He told the New Yorker, “It’s important for [the new laws in Washington and Colorado] to go forward because it’s important for society not to have a situation in which a large portion of people have at one time or another broken the law and only a select few get punished.”

However, the President has done little to support and apply similar policies nationwide. 

Paul Armentano, deputy director of NORML, said that while it’s “ultimately the responsibility of Congress to address America’s longstanding and failed drug policies, the President can use the bully pulpit to set the tone and move the conversation in the proper direction. Until recently, he has largely failed to do so."

Armentano continued, "But his recent public statements regarding the relative safety of cannabis compared to alcohol and his acknowledgement that criminalization disproportionately impacts minorities and the poor may indicate that the president and his party are finally willing to utilize their public platform and political capital to fight for actual changes in law, rather than simply acknowledge changes in attitude.”

It will ultimately come down to Congress to finally change federal cannabis law. However, Steve DeAngelo, director of the Oakland, Calif. medical cannabis dispensary Harborside Health Center and founder of the cannabis angel investor networ ArcView Group, pointed out that the President does have the authority to take several immediate steps, which would effectively dismantle the war on cannabis.

  • Order the DEA to reschedule cannabis from a Schedule 1 substance (the same as heroin or meth) to a lower and more appropriate schedule, which would dramatically reduce or eliminate federal prison sentences for cannabis.
  • Prohibit federal grants to state and local law enforcement agencies from being used for cannabis enforcement (except for sales to minors, use of weapons, cartel involvement).
  • Order all U.S. Attorneys to make all current and future prosecutions for cannabis crimes the very lowest priority of their offices (except for sales to minors, use of weapons, cartel involvement, etc.).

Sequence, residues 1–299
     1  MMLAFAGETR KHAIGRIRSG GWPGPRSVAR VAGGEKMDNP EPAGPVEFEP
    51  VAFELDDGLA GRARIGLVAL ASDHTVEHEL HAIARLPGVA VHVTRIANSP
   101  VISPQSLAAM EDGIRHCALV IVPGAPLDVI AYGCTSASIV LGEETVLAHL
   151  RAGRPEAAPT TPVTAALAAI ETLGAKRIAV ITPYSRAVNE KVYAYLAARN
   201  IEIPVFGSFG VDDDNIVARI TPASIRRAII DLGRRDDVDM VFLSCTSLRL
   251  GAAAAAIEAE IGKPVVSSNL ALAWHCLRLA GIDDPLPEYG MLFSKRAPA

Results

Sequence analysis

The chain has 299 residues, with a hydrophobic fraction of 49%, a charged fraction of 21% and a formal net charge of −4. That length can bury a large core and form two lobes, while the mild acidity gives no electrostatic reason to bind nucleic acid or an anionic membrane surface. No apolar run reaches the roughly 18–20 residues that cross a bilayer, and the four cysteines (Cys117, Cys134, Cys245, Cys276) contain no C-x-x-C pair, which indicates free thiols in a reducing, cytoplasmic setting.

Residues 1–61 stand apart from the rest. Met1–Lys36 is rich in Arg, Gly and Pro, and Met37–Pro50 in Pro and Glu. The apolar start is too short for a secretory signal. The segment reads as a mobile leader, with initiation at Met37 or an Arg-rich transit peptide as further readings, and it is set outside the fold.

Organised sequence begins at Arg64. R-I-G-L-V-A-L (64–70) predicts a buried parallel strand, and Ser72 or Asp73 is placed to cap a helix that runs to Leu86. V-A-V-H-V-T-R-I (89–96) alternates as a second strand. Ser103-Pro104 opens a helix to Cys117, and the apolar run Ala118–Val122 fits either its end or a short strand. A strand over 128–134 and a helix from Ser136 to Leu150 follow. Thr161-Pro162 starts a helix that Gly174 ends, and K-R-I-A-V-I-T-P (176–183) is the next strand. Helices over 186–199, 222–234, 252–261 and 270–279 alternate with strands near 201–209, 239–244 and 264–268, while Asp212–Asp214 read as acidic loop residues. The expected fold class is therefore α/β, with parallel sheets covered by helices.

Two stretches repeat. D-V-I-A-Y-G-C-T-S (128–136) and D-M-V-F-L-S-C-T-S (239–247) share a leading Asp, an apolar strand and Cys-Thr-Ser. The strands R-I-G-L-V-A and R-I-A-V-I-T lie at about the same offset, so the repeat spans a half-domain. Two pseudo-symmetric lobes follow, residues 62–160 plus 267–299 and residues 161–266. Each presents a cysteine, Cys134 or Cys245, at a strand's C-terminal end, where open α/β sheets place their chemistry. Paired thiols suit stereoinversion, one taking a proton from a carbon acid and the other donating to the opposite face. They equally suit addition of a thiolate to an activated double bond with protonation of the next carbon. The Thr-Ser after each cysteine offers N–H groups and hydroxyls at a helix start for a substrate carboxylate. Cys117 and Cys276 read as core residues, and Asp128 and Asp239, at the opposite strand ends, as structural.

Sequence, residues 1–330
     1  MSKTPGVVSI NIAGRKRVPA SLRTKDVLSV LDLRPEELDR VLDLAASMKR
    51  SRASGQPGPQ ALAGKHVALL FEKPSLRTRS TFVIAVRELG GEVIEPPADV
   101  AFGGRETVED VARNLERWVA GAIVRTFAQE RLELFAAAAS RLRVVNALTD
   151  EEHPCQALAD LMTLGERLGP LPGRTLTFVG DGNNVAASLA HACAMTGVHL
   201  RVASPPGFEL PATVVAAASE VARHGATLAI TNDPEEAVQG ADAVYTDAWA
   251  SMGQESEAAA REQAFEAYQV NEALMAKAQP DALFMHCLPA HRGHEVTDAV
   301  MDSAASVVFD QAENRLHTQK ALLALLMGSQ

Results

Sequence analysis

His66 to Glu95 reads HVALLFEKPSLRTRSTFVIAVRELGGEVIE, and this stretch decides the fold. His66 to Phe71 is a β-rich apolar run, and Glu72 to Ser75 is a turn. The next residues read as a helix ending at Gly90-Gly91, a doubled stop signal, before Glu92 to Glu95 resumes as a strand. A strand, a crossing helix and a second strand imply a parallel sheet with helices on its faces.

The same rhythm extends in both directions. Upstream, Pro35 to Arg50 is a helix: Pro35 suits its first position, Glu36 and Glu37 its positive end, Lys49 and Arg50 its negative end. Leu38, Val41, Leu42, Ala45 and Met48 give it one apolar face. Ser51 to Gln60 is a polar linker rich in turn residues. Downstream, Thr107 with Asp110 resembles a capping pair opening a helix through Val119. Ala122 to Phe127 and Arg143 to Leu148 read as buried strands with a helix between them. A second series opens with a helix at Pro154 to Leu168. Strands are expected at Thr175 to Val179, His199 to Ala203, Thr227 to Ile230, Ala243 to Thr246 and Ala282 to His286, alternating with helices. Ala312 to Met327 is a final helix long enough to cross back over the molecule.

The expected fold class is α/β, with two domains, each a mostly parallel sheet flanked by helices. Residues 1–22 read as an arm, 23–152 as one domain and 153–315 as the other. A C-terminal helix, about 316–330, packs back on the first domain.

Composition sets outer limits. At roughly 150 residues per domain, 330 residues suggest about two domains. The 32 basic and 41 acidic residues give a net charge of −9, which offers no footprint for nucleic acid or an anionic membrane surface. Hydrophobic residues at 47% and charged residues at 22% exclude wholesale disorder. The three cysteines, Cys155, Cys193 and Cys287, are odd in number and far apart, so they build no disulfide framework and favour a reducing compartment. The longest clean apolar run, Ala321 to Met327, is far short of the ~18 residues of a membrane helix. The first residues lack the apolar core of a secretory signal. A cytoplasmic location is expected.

• Order an end to the denial of federal benefits due to cannabis arrests or convictions (student loans, low income housing, organ transplants, unemployment insurance, etc.).
  • Order NIDA to fund research into the safety and benefits of cannabis (and reverse what Sanjay Gupta called 70 years of intentionally misleading information).

President Obama has the legal powers to end the daily tragedy and heartbreak caused by marijuana prohibition. Millions of nonviolent citizens are arrested and imprisoned due to the war on drugs—and marijuana in particular. Hundreds of thousands of patients are suffering without access to a proven medicine. Thousands of children are removed from their parents by protective agencies due to marijuana possession. 

Keeping marijuana illegal also empowers criminal gangs and cartels, and leads to the corruption and diversion of law enforcement. Legalization has the potential to move millions—even billions— of dollars in foregone jobs and tax revenue away from those corrupt sectors and into local, state and national economies.

DeAngelo said Obama’s “belated acknowledgement that cannabis has a less harmful impact on its users than alcohol deserves applause…. But the applause should not last too long: the time for talk is over, and now it's time for action.”

President Obama is saying some promising, hopeful things. Now it’s time for some action.